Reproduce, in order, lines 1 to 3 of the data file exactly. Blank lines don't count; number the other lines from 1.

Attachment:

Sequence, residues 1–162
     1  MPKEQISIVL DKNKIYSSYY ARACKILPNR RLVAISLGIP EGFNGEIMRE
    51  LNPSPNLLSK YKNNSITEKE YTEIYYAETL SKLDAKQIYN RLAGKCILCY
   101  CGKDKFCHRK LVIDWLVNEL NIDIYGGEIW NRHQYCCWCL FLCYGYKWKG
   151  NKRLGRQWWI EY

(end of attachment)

Sequence, residues 1–162
     1  MPKEQISIVL DKNKIYSSYY ARACKILPNR RLVAISLGIP EGFNGEIMRE
    51  LNPSPNLLSK YKNNSITEKE YTEIYYAETL SKLDAKQIYN RLAGKCILCY